TORONTO, Nov. 19 /CNW/ – The First Nations of the Anishinabek Nation have taken the duty to consult into their own hands, pledging to engage their leadership and citizens on the modernization of the Ontario Mining Act.
“We have tremendous concerns over the Crown’s consultation process on this matter,” said Grand Council Chief John Beaucage. “However, this issue of mining and development in our traditional territory is so important to our communities that we will undertake our own engagement process.”

Last week, Grand Council Chief John Beaucage, agreed to a deal with the Province of Ontario that would extend the consultations on the proposed changes to Mining Act to January 15, 2009. The agreement also ensures that the Anishinabek Nation will participate in the drafting process of the bill which will be considered by the Ontario Legislature.

“Our goal is to seek input from our leaders and citizens in order to make an informed submission and recommendations on changes to the Mining Act,” said Beaucage. “We are taking this unique step of engaging our communities in order to fully participate in this unprecedented opportunity to make direct changes to legislation.”

The Anishinabek Nation discussed their consultation framework during a Special Chiefs meeting held near London last week. The Chiefs discussed a process that includes the appointment of a Working Group that will lead the development of the community engagement strategy, facilitate engagement sessions, and guide the research and development of the final report which will be delivered to the Anishinabek Nation Chiefs, the Premier, Minister of Northern Development and Mines, and all members of the Ontario Legislature. The Ontario Ministry of Northern Development and Mines will participate in the Working Group and all of the community engagement sessions.

Today, the Chiefs of Ontario will contemplate a resolution addressing Ontario’s approach to the consultations regarding the Ontario Mining Act.

“Make no mistake – our Chiefs have said it, and indeed all the Chiefs in Ontario have said it – the Crown has failed to meet their legal duty to consult and accommodate First Nations’ interests with regard to the changes to the Mining Act,” said Grand Council Chief Beaucage. “Through this process, we are not stepping in to absolve the Crown of their duty to consult. We are doing this for ourselves,” said Grand Council Chief Beaucage.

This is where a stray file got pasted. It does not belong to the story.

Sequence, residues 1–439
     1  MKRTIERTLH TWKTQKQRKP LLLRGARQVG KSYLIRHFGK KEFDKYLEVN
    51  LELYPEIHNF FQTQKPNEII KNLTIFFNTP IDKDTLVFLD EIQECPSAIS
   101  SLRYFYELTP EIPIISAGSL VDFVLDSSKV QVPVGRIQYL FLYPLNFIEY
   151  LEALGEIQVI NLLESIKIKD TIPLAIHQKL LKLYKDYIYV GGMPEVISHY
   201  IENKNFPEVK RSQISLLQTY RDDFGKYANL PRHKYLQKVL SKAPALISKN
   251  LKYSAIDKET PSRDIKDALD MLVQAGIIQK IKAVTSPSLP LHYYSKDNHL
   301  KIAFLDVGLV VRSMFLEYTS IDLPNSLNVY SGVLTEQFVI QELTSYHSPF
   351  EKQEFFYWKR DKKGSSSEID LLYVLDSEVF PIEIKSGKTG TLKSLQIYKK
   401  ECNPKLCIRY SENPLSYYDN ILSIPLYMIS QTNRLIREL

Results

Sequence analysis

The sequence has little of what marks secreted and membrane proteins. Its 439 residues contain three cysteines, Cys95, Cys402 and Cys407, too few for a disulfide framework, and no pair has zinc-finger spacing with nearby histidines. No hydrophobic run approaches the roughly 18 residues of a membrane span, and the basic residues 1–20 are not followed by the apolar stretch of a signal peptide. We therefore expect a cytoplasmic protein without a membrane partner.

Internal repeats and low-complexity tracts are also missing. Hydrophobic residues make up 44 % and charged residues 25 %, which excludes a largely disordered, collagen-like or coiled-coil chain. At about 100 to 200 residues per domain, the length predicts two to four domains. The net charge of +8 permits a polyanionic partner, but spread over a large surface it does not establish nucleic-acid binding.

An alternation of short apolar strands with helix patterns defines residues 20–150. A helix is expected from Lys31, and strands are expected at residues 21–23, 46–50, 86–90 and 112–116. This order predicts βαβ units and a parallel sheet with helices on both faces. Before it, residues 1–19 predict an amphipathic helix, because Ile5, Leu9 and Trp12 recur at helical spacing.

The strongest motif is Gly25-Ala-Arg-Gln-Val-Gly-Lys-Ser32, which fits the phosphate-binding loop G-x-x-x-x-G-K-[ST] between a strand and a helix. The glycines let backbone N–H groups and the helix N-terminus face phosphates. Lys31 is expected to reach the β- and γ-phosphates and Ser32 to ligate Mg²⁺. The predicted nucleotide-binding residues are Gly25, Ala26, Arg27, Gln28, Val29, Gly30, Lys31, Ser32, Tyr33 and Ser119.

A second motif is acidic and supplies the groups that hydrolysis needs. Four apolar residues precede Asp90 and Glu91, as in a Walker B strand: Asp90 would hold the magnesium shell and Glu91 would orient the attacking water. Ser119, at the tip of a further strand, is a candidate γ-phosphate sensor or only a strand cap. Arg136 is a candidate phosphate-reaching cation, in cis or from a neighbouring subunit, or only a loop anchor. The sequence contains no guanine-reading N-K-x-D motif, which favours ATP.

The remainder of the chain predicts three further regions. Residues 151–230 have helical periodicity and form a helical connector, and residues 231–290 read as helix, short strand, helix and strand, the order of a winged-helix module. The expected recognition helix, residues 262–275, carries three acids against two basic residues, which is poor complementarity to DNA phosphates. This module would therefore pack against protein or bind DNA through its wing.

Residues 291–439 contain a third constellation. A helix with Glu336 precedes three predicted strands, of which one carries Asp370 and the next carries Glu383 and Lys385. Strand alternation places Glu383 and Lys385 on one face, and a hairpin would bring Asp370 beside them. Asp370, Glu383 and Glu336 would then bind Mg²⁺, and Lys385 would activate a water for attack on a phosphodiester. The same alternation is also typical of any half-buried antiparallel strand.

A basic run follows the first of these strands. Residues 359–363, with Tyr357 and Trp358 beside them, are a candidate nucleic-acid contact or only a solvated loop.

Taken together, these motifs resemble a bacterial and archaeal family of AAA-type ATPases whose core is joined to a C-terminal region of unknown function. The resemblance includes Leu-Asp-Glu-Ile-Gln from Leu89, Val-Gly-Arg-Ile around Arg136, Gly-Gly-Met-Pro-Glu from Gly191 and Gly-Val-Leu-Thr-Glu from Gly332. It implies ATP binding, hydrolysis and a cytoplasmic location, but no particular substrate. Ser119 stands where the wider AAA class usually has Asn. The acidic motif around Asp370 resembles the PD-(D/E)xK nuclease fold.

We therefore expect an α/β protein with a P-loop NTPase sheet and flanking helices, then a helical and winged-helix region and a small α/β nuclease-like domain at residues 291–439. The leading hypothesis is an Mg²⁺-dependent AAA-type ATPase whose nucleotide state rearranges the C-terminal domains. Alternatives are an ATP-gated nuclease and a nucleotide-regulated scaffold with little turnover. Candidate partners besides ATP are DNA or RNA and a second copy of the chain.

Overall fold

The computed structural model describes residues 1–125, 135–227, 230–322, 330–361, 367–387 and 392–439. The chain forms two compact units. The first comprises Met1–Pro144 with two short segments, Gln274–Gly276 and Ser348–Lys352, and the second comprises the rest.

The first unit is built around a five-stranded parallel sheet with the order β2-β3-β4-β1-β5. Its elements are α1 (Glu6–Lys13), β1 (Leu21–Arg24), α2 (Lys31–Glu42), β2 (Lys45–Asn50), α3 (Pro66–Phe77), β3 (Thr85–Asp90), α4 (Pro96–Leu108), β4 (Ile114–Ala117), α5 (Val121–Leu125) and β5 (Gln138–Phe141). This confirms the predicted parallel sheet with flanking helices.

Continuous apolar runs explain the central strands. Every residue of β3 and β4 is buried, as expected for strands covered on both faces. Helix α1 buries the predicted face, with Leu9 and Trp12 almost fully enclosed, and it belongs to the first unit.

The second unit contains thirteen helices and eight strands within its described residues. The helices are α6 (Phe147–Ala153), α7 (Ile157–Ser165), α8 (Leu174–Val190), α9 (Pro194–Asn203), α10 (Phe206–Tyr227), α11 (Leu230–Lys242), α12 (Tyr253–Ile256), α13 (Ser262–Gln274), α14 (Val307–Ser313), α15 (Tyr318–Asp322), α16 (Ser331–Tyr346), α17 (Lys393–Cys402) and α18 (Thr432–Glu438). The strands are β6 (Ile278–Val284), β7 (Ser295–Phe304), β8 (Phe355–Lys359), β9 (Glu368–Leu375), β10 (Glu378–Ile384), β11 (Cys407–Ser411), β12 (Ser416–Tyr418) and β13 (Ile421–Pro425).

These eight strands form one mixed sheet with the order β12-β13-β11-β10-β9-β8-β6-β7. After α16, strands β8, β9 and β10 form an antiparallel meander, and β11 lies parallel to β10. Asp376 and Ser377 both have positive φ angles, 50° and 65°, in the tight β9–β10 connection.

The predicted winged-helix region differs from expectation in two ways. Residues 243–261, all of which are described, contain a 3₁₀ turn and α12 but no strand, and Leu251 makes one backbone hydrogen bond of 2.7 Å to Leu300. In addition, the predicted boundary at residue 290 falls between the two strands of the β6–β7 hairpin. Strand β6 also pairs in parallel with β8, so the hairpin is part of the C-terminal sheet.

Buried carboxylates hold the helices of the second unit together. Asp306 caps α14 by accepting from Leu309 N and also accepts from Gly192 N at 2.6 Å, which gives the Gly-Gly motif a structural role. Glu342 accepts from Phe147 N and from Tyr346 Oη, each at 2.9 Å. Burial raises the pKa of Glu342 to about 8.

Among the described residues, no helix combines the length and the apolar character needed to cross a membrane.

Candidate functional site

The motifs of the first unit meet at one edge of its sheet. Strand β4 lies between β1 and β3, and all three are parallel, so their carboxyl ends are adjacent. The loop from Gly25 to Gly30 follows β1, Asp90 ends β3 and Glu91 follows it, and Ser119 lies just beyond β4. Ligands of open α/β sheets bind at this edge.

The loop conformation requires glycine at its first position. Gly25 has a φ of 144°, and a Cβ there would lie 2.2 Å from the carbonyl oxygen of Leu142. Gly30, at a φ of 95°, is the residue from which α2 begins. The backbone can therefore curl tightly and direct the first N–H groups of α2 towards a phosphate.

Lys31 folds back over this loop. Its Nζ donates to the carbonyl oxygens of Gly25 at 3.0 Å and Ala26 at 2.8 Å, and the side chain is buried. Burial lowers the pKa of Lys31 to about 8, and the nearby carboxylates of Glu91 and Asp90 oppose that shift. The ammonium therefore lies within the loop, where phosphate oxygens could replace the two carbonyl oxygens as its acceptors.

Over the past decade, First Nations have expressed concern over prospecting, exploration, and granting of permits and leases; all processes arising from the Ontario Mining Act, one of the oldest pieces of legislation in Ontario. This culminated in a number of high profile situations, including the plight of Kitchenuhmaykoosib Inninuwug, who had their Chief and Council jailed for refusing mining development in their traditional territory.

The Anishinabek Nation was among a coordinated lobby that successfully called for a review and subsequent changes to the Ontario Mining Act.

The Anishinabek Nation community engagement sessions have been scheduled as follows:
December 2, Ojibways of Garden River/Sault Ste. Marie
December 3, Sagamok Anishnawbek
December 5, Whitefish Lake First Nation/Sudbury
December 8, Curve Lake First Nation
December 12, Chippewas of Rama
December 15, Chippewas of Aamjiwnaang/Sarnia
January 6, Fort William/Thunder Bay
January 7, Lake Helen First Nation
January 8, Ojibways of Pic River
The Anishinabek Nation incorporated the Union of Ontario Indians as its secretariat in 1949. The UOI is a political advocate for 42 member First Nations across Ontario. The Union of Ontario Indians is the oldest political organization in Ontario and can trace its roots back to the Confederacy of Three Fires, which existed long before European contact.